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Thu Apr 27, 2017, 11:17 AM

Thomas Jefferson Center for the Protection of Free Expression Announces the 2017 Jefferson Muzzles

Thomas Jefferson Center for the Protection of Free Expression

The Jefferson Muzzles



Since 1992, the Thomas Jefferson Center has celebrated the birth and ideals of its namesake by calling attention to those who would censor free expression.

Announced on or near April 13—the anniversary of the birth of Thomas Jefferson—the Jefferson Muzzles are awarded as a means to draw national attention to abridgments of free speech and press and, at the same time, foster an appreciation for those tenets of the First Amendment. The Muzzles are a good-natured rebuke to all government officials, lest they forget or disregard Mr. Jefferson’s admonition that freedom of speech “cannot be limited without being lost.”

Because the importance and value of free expression extend far beyond the First Amendment’s limit on government censorship, acts of private censorship are not spared consideration for the dubious honor of receiving a Muzzle.

Unfortunately, each year the finalists for the Jefferson Muzzles have emerged from an alarmingly large group of candidates. For each recipient, a dozen could have been substituted. Further, an examination of previous Jefferson Muzzle recipients reveals that the disregard of First Amendment principles is not the byproduct of a particular political outlook but rather that threats to free expression come from all over the political spectrum.

2017 Jefferson Muzzles

THE ADMINISTRATION OF BOCA RATON COMMUNITY HIGH SCHOOL (FLORIDA)

In 2016, eighteen-year-old Maxine Yeakle was a student at Boca Raton Community High School in Boca Raton, Florida. Maxine was now old enough to vote in her first presidential election and, as with many people in the United States in 2016, she had strong feelings about who would make the best president—and who would not. Maxine expressed her views on this issue by wearing to school a T-shirt emblazoned with “Hillary for Prison.” A number of Maxine’s classmates took issue with the T-shirt’s message and loudly expressed their opposition in class, even after a teacher warned them to stop.

In her next class, the assistant principal had Maxine removed from class and informed her that she either needed to change into another shirt or receive an in-school suspension for violating the school’s dress code policy. That policy prohibits “attire or grooming which substantially or potentially disrupts the educational environment” and provides the Principal with the authority to decide on what violates the policy and what doesn’t. When faced with the duty to balance the student’s right to free expression with the need to maintain an orderly classroom environment, the Boca Raton Community High School administration placed a thumb on the “order” side of the scale, completely disregarding Maxine’s rights. It wasn’t Maxine’s T-shirt that disrupted class, it was the loud verbal opposition of the students who objected to the T-shirt’s message. Unlike Maxine, those students were not threatened with any sort of disciplinary action despite having been told by a teacher to stop.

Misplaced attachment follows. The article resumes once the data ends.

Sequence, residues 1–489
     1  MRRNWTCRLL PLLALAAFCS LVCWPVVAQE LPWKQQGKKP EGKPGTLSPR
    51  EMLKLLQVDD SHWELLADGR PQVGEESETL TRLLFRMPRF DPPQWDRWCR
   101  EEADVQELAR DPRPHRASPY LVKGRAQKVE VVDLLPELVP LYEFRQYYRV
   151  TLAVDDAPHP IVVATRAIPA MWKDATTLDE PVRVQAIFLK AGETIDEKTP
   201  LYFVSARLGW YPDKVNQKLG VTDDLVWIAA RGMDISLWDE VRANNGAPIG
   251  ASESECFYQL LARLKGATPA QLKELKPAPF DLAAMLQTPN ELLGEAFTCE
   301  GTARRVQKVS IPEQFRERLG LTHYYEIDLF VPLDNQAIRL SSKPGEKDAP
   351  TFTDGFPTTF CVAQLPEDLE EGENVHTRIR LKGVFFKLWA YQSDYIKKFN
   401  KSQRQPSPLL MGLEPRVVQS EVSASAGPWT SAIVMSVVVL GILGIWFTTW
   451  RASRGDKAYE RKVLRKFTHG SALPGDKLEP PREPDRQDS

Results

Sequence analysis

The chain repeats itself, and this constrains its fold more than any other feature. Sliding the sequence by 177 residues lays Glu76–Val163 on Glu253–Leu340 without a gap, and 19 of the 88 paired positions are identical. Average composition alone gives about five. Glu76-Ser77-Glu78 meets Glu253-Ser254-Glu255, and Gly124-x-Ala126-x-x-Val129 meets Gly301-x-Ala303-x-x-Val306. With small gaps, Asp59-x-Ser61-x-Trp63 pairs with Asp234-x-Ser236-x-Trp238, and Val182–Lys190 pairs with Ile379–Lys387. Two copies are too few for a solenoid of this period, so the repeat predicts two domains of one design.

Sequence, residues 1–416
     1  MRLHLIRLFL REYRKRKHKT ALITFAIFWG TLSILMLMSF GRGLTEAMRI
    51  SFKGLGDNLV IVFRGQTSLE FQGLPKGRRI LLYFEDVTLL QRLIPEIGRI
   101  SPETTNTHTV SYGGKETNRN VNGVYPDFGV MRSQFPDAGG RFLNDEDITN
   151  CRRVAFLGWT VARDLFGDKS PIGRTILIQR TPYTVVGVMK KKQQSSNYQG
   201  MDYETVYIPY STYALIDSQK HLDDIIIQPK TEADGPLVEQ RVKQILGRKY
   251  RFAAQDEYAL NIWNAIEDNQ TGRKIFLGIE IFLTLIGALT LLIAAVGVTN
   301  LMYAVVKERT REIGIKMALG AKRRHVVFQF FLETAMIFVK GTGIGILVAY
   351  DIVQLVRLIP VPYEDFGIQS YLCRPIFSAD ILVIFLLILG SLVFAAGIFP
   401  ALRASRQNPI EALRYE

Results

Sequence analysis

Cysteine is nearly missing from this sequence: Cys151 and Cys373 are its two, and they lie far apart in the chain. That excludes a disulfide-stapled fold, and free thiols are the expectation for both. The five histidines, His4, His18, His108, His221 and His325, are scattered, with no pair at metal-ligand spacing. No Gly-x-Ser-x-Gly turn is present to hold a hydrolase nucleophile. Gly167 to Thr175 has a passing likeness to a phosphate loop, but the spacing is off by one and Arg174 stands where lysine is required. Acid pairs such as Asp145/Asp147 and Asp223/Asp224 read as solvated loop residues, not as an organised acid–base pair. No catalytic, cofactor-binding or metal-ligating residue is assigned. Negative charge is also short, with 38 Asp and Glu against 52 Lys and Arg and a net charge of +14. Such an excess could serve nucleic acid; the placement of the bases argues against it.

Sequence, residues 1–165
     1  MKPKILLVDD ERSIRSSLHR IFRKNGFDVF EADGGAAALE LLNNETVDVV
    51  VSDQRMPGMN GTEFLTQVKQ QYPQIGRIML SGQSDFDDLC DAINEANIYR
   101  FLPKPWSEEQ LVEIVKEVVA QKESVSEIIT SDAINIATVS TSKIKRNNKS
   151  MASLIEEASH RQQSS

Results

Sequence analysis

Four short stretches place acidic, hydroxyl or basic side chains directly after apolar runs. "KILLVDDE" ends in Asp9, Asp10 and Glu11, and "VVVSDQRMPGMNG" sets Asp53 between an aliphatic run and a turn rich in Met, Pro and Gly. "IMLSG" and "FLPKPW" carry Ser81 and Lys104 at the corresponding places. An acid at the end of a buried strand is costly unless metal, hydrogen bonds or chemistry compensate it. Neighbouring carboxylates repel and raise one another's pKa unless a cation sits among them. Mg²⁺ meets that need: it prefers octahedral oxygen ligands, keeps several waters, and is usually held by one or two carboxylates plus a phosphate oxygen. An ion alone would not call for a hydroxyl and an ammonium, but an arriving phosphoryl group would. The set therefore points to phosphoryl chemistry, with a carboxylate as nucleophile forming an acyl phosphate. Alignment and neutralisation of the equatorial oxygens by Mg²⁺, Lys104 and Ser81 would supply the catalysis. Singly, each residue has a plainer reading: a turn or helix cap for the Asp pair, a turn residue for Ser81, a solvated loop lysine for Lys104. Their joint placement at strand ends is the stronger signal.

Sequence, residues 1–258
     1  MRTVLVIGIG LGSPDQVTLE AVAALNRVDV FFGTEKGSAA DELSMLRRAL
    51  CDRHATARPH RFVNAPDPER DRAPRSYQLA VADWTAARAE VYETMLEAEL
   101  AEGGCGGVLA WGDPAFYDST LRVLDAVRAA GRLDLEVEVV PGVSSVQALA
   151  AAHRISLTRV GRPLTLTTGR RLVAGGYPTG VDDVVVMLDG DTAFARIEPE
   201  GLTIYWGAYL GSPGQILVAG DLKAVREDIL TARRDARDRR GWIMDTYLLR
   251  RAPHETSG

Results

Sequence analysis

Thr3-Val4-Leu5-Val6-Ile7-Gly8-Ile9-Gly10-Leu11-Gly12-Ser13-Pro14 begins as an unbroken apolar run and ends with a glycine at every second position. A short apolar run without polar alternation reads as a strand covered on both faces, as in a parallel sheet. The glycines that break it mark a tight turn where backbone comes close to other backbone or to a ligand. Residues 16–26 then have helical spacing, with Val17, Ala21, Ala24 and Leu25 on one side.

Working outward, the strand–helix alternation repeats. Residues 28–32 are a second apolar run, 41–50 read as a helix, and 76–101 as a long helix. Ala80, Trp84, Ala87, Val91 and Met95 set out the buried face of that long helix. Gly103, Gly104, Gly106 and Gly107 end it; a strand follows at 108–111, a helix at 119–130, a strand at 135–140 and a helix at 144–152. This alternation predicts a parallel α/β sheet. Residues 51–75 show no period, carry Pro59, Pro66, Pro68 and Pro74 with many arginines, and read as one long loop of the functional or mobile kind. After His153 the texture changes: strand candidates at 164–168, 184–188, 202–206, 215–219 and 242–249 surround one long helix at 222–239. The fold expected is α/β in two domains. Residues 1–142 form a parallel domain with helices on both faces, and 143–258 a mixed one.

Through the way they responded to this incident, the administration sent the completely wrong messages to its students. Regardless of whom one supports in an election campaign, participation in our democratic system should be encouraged. By punishing Maxine’s peaceful, non-disruptive engagement in the first presidential election in which she could vote, the school did exactly the opposite. Second, by punishing Maxine but not the students who were actually disrupting the class, the school sent a message that hecklers have the right to veto speech they don’t like, when they ought to be encouraging respect for the individual right of free speech. For teaching the wrong lessons about the rights and responsibilities of free speech, a 2017 Jefferson Muzzle goes to the Boca Raton Community High School Administration.

THE STATE GOVERNMENT OF ILLINOIS

THE CALIFORNIA STATE LEGISLATURE AND GOVERNOR JERRY BROWN

FLORIDA’S COLLIER COUNTY SCHOOL DISTRICT

THE UNITED STATES SENATE

BRADLEY COUNTY (TENNESSEE) SHERIFF ERIC WATSON

THE UNITED STATES OLYMPIC COMMITTEE

THE PIERCE COLLEGE ADMINISTRATION AND THE LOS ANGELES COMMUNITY COLLEGE DISTRICT

NORTH CAROLINA’S CUMBERALND COUNTY SCHOOL SUPERINTNENDENT FRANK TILL, JR.

If I post a picture of the t-shirt worn by the student in Boca Raton, someone will alert on this thread.

Muzzle Awards take aim at 'unnoticed' attacks on free speech

BY DEREK QUIZON 12 hrs ago

The recent wave of controversies over far-right speakers on college campuses shows that the debate over free speech — one of America’s founding values — is alive and well in the country’s education system.

The Thomas Jefferson Center for the Protection of Free Expression always has placed itself in the center of this debate. Last year, it gave its annual Muzzle Awards — a dubious honor that goes to the people and organizations that tried to censor or silence others — to 50 colleges that had stifled free expression.

Josh Wheeler, director of the center, said this year there was “no real theme” for the Muzzles, which examined incidents from 2016. But the majority of the cases highlighted by the center involved local government or school districts — things that aren’t necessarily reported nationally.
....

Derek Quizon is a reporter for The Daily Progress. Contact him at (434) 978-7265, dquizon@dailyprogress.com or @DPHigherEd on Twitter.

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